Homeowner improvements 

 April 1, 2019

By  Scott Teesdale

Home Improvements — Adding to Your Basis

An important part of the ownership of a home is the preparation for its eventual sale. A good example of this is maintaining records of any capital improvements that you make to the house, since the value of these add to the basis of your house. When it comes time to sell the home, your capital gains will be based on the difference between the sales price (less any selling expenses) minus the adjusted basis. The IRS lists the following as increases to basis:

1) Improvements – Freshen up your front yard with nice address numbers
2) Additions – add a new sun-room to bring the outdoors inside
3) Special assessments for local improvements, and
4) Amounts you spent after a casualty to restore damaged property.

The IRS defines improvements as those items that “add to the value of your home, prolong its useful life, or adapt it to new uses. You add the cost of improvements to the basis of your property.”
Examples: Putting a recreation room in your unfinished basement, adding another bathroom or bedroom, putting up a fence, putting in new plumbing or wiring, putting on a new roof, or paving your driveway are improvements.

The chart below lists some other examples of improvements





Storm windows, doors

Septic system


New roof

Water heater


Central vacuum

Soft water system


Wiring upgrades

Filtration system


Satellite dish



Security system

Built-in appliances



Kitchen modernization


Heating system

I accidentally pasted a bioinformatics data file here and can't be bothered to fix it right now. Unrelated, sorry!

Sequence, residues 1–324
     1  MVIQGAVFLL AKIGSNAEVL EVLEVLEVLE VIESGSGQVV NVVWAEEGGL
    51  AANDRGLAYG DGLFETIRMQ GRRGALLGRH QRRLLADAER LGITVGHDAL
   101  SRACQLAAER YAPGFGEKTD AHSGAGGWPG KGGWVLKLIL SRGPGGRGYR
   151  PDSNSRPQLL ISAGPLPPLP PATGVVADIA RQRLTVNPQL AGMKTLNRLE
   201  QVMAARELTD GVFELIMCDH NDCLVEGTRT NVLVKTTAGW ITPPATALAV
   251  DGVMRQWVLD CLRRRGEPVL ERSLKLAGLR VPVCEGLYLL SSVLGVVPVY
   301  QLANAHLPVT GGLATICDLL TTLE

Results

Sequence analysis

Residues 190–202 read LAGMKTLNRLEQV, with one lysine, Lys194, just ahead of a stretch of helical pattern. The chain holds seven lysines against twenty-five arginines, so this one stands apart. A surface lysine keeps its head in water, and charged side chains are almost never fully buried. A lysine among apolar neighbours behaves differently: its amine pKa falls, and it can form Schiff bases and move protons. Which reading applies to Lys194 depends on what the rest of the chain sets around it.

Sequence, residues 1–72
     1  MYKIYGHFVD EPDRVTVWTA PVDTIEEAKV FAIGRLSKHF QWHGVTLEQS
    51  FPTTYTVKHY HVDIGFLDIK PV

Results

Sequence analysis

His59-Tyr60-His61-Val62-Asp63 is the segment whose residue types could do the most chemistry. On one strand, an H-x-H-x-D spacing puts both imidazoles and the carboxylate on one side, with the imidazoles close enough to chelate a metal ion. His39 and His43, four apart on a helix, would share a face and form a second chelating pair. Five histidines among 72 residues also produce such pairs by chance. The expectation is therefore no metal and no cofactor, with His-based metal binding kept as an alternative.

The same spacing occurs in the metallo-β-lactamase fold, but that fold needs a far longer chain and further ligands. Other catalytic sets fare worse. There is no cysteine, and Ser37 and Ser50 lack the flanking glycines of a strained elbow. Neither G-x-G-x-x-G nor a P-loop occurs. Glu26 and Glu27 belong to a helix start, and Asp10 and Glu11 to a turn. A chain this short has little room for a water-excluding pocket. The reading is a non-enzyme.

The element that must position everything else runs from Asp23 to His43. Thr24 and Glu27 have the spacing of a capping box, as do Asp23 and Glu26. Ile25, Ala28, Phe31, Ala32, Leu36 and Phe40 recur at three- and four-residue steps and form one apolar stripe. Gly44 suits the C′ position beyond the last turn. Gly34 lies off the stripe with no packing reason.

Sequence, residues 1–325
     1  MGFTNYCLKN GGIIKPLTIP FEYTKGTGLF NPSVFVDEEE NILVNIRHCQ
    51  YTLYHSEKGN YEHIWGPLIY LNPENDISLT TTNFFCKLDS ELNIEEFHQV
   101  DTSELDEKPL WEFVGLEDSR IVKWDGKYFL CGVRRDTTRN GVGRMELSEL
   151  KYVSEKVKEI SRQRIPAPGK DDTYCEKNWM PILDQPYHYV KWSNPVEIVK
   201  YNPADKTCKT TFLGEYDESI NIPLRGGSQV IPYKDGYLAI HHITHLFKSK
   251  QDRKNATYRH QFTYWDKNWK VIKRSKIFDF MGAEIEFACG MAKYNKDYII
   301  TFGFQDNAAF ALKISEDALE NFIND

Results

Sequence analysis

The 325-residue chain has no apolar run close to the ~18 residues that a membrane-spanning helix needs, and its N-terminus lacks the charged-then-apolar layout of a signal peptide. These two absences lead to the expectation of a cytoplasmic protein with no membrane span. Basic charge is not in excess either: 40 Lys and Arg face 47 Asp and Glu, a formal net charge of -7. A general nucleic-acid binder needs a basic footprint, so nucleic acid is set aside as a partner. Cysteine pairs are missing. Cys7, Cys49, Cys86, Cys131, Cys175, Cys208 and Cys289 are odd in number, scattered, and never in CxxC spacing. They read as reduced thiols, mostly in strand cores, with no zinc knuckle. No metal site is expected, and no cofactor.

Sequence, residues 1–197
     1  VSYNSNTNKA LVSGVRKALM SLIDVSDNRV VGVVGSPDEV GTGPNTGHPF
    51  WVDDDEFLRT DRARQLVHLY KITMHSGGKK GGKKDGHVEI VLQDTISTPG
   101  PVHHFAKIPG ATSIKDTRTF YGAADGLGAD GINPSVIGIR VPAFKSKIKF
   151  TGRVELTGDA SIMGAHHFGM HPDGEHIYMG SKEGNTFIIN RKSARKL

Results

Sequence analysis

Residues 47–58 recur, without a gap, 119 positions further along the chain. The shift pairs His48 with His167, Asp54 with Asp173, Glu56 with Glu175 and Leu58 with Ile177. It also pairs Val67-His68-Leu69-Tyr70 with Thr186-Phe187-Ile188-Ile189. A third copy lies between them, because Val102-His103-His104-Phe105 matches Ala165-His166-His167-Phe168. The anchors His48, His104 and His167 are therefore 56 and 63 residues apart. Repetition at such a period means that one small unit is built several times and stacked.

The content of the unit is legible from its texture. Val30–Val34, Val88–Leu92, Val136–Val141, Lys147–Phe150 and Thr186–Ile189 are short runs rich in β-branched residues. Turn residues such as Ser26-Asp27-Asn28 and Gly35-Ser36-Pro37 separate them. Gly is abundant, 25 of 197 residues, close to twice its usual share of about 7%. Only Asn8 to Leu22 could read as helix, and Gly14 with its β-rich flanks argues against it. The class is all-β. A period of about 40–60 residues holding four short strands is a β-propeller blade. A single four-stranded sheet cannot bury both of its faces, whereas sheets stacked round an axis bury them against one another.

Central air conditioning

Wall-to-wall carpeting




Retaining wall

Duct work


Sprinkler system

Central humidifier

Walls, floor

Swimming pool

Filtration system

Pipes, duct work

Paying For Your Improvements. The most popular way of financing home improvements is through a home equity loan or line of credit. Interest rates are generally lower thatn other types of loans, you will usually have more flexibility in repayment terms and interest charges (since they are considered mortgage interest) may be tax deductible.

 You should keep records to prove your home’s adjusted basis. Ordinarily, you must keep records for 3 years after the due date for filing your return for the tax year in which you sold your home. But if the basis of your old home affects the basis of your new one, such as when you sold your old home before May 7, 1997, and postponed tax on any gain, you should keep those records as long as they are needed for tax purposes.
The records you should keep include:

1) Proof of the home’s purchase price and purchase expenses
2) Receipts and other records for all improvements, additions, and other items that affect the home’s adjusted basis
3) Any Form 2119 that you filed to postpone gain from the sale of a previous home before May 7, 1997
4) Any worksheets you used to prepare Form 2119, such as the Adjusted Basis of Home Sold Worksheet or the Capital Improvements Worksheet from the Form 2119 instructions.

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